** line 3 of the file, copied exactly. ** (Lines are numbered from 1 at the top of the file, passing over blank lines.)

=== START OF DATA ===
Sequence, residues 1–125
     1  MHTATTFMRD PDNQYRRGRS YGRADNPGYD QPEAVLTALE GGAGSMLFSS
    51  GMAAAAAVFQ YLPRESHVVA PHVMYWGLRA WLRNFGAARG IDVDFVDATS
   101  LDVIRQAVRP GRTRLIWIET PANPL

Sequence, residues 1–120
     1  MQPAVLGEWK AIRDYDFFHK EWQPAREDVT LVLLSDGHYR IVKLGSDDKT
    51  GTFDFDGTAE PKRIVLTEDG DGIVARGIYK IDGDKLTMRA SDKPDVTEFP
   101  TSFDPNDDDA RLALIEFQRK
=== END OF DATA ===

    51  GMAAAAAVFQ YLPRESHVVA PHVMYWGLRA WLRNFGAARG IDVDFVDATS